The role of PET/CT imaging in penile cancer
Review Article

The role of PET/CT imaging in penile cancer

Sarah R. Ottenhof1, Erik Vegt2

1Department of Urology, Netherlands Cancer Institute, Amsterdam, the Netherlands; 2Department of Nuclear Medicine, Netherlands Cancer Institute, Amsterdam, the Netherlands

Contributions: (I) Conception and design: All authors; (II) Administrative support: None; (III) Provision of study materials or patients: All authors; (IV) Collection and assembly of data: SR Ottenhof; (V) Data analysis and interpretation: All authors; (VI) Manuscript writing: All authors; (VII) Final approval of manuscript: All authors.

Correspondence to: Erik Vegt. Department of Nuclear Medicine, Netherlands Cancer Institute, Amsterdam, the Netherlands. Email: e.vegt@nki.nl.

Abstract: Positron emission tomography (PET) imaging with 18F-fluorodeoxyglucose (FDG) combined with computed tomography (CT) provides functional imaging combined with anatomic information, improving diagnostic accuracy and confidence. Although virtually all primary penile tumors are FDG-avid, PET/CT is not recommended for primary tumor staging as it has limited spatial resolution and is hampered by urinary FDG excretion. The accuracy of PET/CT for lymph node staging seems to improve with the pretest likelihood of metastatic nodes. In groins with normal physical examination, sensitivity is only 57%. In groins with palpably enlarged lymph nodes, sensitivity of PET/CT reaches 96%. For pelvic lymph nodes and distant metastases, PET/CT is more accurate if inguinal metastases are present. However, these results are based on a very limited number of studies. Overall, the role of PET/CT imaging in penile cancer remains ambiguous, especially in inguinal lymph nodes. During staging and follow-up, it may be particularly useful in detecting pelvic lymph node metastases and occult distant metastases prior to systemic chemotherapy and/or extensive surgery, improving selection of patients that are most likely to benefit from such therapies.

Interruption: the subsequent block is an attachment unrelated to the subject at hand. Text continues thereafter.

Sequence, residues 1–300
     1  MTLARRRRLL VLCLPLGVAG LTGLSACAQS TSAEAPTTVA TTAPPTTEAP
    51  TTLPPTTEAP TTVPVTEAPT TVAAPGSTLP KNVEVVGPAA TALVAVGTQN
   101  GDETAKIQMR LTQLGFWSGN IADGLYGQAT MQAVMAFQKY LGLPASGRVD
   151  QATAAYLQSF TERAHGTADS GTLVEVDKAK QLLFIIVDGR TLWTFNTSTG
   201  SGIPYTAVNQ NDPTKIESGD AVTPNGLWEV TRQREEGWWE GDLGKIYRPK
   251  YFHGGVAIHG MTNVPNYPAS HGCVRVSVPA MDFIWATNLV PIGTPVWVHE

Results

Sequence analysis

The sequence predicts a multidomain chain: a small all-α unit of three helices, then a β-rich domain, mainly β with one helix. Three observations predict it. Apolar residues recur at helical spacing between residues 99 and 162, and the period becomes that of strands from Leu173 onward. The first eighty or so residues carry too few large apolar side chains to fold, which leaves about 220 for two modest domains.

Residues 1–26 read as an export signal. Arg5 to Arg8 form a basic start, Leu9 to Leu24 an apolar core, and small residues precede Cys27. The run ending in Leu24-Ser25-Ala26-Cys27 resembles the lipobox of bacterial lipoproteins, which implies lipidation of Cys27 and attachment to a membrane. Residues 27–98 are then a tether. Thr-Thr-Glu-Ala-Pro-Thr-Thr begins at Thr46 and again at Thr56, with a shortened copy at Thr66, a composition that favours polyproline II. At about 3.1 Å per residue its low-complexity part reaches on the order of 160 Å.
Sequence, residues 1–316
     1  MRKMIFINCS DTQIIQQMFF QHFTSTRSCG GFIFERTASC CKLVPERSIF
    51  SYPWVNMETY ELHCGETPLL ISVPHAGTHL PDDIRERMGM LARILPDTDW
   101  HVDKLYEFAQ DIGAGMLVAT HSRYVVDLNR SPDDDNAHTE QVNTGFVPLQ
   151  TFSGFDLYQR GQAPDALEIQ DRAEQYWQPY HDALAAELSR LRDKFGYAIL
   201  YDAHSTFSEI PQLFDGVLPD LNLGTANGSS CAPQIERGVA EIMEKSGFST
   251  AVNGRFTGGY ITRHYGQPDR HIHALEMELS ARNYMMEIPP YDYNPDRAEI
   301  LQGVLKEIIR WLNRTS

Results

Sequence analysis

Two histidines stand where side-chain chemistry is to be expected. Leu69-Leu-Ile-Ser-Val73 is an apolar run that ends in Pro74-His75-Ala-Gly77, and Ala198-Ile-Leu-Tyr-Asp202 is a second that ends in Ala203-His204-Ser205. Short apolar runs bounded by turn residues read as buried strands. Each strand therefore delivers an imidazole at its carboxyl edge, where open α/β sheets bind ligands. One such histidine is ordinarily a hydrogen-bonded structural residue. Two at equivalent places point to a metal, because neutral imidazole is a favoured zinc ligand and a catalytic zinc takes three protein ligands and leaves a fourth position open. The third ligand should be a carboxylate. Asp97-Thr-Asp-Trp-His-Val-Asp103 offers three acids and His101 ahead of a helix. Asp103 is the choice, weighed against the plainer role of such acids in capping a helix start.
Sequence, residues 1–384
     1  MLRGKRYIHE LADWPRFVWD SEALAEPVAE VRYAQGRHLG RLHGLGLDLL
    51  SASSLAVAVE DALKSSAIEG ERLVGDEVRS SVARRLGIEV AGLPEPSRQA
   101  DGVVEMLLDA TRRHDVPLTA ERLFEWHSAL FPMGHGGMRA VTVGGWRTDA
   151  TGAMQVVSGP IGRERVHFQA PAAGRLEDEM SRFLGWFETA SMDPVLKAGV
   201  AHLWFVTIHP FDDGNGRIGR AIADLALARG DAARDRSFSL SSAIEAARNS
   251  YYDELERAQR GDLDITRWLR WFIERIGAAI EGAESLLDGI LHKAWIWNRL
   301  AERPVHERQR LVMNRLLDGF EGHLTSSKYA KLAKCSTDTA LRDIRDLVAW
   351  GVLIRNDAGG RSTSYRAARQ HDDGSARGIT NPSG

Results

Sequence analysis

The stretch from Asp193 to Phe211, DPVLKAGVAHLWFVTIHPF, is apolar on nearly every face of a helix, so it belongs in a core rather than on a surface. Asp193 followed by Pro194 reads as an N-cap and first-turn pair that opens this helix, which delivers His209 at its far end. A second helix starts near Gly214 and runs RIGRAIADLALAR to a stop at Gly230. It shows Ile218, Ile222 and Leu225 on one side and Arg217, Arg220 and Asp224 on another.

Keywords: Penile cancer; imaging; PET/CT; fluorodeoxyglucose; 18F-fluorodeoxyglucose (FDG)


Submitted Mar 30, 2017. Accepted for publication Apr 03, 2017.

doi: 10.21037/tau.2017.04.36


Introduction

Cancer of the penis is a rare disease with an incidence of 0.6–2.1 in Western countries (1-3). The majority of these cancers are squamous cell carcinoma, but other histological types and subtypes such as basaloid and warty squamous cell, and melanoma can occur. The worldwide incidence has significant geographic variations, which is mainly explained by circumcision, sexual practices and socioeconomic circumstances (2).

Imaging and other staging techniques have improved the risk stratification of penile cancer. Ultrasound-guided fine needle aspiration biopsy, (dynamic) sentinel node biopsy, and various forms of lymph node dissections are invasive techniques that have improved lymph node staging. In addition, axial imaging such as CT, MRI and PET/CT have also evolved in the past decades.

Positron emission tomography (PET) imaging with 18F-fluorodeoxyglucose (FDG) is based on cellular uptake of glucose and FDG, which is elevated in malignant cells and other tissues with an elevated glycolytic rate (4). FDG-PET combined with computed tomography (CT) provides functional imaging combined with anatomic information, improving diagnostic accuracy and confidence. PET/CT scanners acquire PET and CT images in a single scanner, and are nowadays widely used.

In various malignant diseases, PET/CT is used for staging and monitoring. Combining functional with anatomical imaging, PET/CT outperforms both PET alone and CT alone in lymph node staging of many types of tumors (5-7). Here we review the role of PET/CT in the diagnosis and management of penile cancer.

In penile cancers, both the primary tumors and lymph node metastases generally show high uptake of FDG. Hence, suitability for staging penile cancer is likely (8). However, sensitivity of PET/CT is limited by its spatial resolution, reducing sensitivity for small metastases. In addition, false-positives may occur due to inflammation, such as in reactive lymph nodes.


Primary tumor staging

In their first study on PET in penile cancer, Scher et al. found that only 6 out of 8 primary tumors were detected by FDG-PET/CT (8), but this can be explained by the small size of the two undetected tumors, which was below the spatial resolution of PET (one residual lesion after incomplete resection of a T1 tumor, and one very small (<0.5 cm) T1 tumor. The authors even describe that in retrospect both lesions did show some FDG-uptake.